Appellants' Reply Brief at 29. Mutatis mutandis, this passage describes with some precision the situation in the case before us. Even if appellants prevailed, the independent obstacles of possible Senate approval of Bermuda II and of the United Kingdom's control over its own airspace would remain. While these may not be "absolute" obstacles, nothing in appellants' complaint leads us to expect that they would be overcome.
Appellants have failed to show that this court can redress the injury appellants aver they have suffered. "Absent such a showing, exercise of its power by a federal court would be gratuitous and thus inconsistent with the Art. III limitation." Eastern Kentucky, supra, 426 U.S. at 38, 96 S. Ct. at 1924. Accordingly, we remand the cause to the District Court with instructions to dismiss the complaint on the ground that the complainants lack standing.
It is so ordered.
Sitting by designation pursuant to 28 U.S.C. § 292(a)
After Bermuda II was signed, Congress passed the Airline Deregulation Act of 1978, which amended 49 U.S.C. § 1302(d) and expressed more emphatically the importance of "competitive market forces." 49 § 1302(a) (4)
That section provides:
The Secretary of State shall advise the Secretary of Transportation, the (Civil Aeronautics) Board, and the Secretary of Commerce, and consult with the Secretary of Transportation, Board, or Secretary of Commerce, as appropriate, concerning the negotiations of any agreement with foreign governments for the establishment or development of air navigation, including air routes and services.
Taxpayers of the nearby city of Rochester and several associations variously concerned with housing problems were also appellants. The Court held that none of the plaintiffs had standing. See note 7 infra
Article 46 of the Vienna Convention of the Law of Treaties (Senate Exec.L., 92d Cong., 1st Sess. (1971)) provides:
A State may not invoke the fact that its consent to be bound by a treaty has been expressed in violation of a provision of its internal law regarding competence to conclude treaties as invalidating its consent unless that violation was manifest and concerned a rule of its internal law of fundamental importance
A violation is manifest if it would be objectively evident to any State conducting itself in the manner in accordance with normal practice and in good faith
"For purposes of ruling on a motion to dismiss for want of standing, both the trial and reviewing courts must accept as true all material allegations of the complaint, and must construe the complaint in favor of the complaining party." Warth v. Seldin, 422 U.S. 490, 501, 95 S. Ct. 2197, 2206, 45 L. Ed. 2d 343 (1975)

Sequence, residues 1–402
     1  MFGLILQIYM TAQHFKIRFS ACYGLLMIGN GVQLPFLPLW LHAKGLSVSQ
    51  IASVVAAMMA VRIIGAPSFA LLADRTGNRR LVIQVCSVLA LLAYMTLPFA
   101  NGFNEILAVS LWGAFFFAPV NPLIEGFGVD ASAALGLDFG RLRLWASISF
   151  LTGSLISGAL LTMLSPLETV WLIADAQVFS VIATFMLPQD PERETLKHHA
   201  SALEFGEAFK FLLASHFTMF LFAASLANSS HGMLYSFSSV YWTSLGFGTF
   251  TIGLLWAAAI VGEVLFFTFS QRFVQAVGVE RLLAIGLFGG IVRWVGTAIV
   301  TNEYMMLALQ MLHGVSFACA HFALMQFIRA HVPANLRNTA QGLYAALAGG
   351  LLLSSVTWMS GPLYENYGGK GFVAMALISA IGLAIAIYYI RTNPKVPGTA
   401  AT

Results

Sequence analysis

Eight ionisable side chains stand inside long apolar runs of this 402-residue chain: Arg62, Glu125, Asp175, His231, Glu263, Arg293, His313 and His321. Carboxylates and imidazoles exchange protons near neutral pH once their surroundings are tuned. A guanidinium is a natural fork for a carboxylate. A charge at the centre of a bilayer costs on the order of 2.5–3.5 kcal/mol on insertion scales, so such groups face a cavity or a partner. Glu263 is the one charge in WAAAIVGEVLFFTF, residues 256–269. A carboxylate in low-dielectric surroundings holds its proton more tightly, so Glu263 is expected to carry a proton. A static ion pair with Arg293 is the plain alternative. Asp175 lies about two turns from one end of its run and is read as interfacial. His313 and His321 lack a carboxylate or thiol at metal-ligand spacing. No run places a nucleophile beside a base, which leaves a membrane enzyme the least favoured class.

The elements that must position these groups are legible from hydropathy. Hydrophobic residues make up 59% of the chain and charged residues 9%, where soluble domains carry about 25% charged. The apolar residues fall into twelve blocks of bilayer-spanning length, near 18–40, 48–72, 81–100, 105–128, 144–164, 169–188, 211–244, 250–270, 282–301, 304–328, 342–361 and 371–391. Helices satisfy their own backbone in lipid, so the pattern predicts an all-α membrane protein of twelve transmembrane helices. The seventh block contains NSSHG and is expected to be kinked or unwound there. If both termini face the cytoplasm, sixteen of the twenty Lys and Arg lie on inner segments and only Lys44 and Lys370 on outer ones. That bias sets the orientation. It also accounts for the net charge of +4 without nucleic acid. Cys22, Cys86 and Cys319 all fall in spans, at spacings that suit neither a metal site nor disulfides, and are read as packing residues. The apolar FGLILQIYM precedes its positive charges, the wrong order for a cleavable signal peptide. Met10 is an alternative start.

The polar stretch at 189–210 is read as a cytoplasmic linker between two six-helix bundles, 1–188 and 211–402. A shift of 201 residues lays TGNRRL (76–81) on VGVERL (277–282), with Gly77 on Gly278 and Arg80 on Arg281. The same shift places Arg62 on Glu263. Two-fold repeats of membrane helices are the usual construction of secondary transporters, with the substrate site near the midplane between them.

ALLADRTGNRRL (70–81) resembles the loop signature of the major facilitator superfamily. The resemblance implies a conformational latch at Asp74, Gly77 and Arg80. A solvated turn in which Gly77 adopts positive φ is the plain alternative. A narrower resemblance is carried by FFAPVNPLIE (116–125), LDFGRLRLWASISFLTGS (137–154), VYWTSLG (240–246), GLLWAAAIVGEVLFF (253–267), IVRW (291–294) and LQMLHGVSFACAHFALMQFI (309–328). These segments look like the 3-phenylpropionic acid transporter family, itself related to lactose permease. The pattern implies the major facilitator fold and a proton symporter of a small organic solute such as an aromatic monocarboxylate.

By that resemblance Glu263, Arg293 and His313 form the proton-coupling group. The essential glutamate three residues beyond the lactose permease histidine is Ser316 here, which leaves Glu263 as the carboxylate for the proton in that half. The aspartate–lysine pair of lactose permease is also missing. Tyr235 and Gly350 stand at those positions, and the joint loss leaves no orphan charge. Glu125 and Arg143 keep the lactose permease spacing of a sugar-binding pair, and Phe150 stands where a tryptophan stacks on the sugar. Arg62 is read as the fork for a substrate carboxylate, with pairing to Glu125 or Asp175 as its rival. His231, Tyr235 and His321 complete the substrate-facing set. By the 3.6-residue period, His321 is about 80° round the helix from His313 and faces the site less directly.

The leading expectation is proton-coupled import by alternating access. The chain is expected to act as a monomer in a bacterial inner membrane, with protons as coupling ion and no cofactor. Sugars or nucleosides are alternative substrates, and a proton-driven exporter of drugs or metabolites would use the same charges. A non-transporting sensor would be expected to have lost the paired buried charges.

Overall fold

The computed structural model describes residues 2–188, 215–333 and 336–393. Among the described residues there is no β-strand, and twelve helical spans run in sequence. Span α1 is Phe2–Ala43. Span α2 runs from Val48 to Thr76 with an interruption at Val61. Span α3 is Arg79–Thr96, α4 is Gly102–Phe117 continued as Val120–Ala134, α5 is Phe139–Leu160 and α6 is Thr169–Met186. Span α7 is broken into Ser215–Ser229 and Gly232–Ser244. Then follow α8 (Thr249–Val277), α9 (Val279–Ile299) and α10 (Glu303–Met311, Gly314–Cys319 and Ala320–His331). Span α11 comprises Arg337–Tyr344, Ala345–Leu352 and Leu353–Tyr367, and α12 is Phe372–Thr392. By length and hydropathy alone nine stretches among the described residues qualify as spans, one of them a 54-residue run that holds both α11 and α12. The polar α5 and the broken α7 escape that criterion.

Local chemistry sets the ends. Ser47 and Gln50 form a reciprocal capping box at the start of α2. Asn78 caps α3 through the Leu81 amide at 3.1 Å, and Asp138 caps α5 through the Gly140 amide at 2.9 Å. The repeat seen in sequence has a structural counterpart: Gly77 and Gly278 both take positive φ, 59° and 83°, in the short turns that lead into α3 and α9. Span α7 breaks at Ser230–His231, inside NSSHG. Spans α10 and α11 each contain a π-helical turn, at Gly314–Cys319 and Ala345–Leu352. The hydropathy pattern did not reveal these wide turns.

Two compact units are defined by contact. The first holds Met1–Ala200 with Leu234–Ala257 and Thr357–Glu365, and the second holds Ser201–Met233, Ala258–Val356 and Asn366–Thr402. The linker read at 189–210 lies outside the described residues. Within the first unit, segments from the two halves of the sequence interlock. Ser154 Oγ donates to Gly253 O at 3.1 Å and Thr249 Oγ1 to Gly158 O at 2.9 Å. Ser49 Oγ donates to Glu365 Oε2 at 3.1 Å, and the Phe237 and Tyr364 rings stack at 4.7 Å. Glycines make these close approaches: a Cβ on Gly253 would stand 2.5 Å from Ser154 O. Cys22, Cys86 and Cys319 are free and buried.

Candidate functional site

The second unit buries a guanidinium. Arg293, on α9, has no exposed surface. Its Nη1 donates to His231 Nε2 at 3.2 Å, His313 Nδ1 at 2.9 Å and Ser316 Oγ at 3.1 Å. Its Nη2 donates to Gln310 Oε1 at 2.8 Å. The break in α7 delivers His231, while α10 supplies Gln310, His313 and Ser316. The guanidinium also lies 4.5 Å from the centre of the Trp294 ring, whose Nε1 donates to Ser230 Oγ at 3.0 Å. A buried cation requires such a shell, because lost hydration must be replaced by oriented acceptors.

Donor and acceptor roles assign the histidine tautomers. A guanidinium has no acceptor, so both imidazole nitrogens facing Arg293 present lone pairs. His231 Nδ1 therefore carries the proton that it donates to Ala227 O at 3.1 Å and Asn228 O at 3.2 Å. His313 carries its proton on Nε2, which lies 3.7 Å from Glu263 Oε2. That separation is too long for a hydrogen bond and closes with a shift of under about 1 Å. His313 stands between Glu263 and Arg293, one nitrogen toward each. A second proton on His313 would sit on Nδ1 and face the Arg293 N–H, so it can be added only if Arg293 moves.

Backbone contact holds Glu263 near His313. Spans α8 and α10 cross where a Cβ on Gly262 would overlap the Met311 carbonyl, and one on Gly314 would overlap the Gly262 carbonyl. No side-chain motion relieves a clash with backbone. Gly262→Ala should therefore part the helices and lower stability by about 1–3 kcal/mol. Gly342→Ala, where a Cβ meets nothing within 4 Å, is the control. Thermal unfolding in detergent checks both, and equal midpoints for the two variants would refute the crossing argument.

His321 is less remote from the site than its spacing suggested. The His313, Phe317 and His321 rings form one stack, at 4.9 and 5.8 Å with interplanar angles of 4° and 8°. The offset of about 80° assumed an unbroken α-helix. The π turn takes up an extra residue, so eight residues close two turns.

Even if the United Kingdom agreed to alter Bermuda II, nothing in appellants' complaint leads us to believe that appellants would necessarily find the new terms preferable to the old. And while appellants submit an affidavit from an Assistant Secretary of National Airlines which states that "National would operate non-stop in (the Tampa-London) market were it able to do so," J.A. 106, we have been given no reason to suppose that, under the terms of a Bermuda III, airlines would be willing to provide the services appellants seek
Indeed, it appears that, even under the liberal terms of Bermuda I, only one of the six cities whose service is at issue in this action received anything more than intermittent competitive service. Tampa and Cleveland, of course, were not gateways under Bermuda I. Between 1970 and 1977, only Boston received nonstop trans-Atlantic service from two airlines. Baltimore received no nonstop trans-Atlantic service at all after October 1970. Philadelphia received summer service from two airlines until 1974, winter and summer service by one airline until the summer of 1976, and after that no nonstop trans-Atlantic service. Although that service was offered from San Francisco by two carriers in the summers of 1972 and 1977, no such service was provided between those two periods. Affidavit of Raymond A. Young, III, Deputy Assistant Secretary for Policy and International Affairs, United States Department of Transportation, J.A. 74-75.
The MHDC had entered into a 99-year lease and accompanying sale agreement for a building site in Arlington Heights. The lease was effective immediately and the sale was contingent upon securing zoning clearances and federal housing assistance. Arlington Heights v. Metropolitan Hous. Dev. Corp., 429 U.S. 252, 256, 97 S. Ct. 555, 558, 50 L. Ed. 2d 450 (1977). Further, the MHDC had "expended thousands of dollars on the plans for Lincoln Green and on the studies submitted to the Village in support of the petition for rezoning." Id. at 262, 97 S. Ct. at 562. The relevant comparison is with the situation of the housing councils which the Court in Warth v. Seldin held did not have standing. 422 U.S.C. 490, 95 S. Ct. 2197, 45 L. Ed. 2d 343 (1975). Their complaints, with one exception, failed to "suggest that any of these groups has focused its efforts on Penfield or (had) any specific plan to do so." Id. at 516-17, 95 S. Ct. at 2214. The exception, the Penfield Better Homes Corp., had applied for a zoning variance three years before the complaint was filed. However, the complaint did not "allege that the Penfield Better Homes project remained viable in 1972 when this complaint was filed, or that respondents' actions continued to block a then-current construction project." Id. at 517, 95 S. Ct. at 2214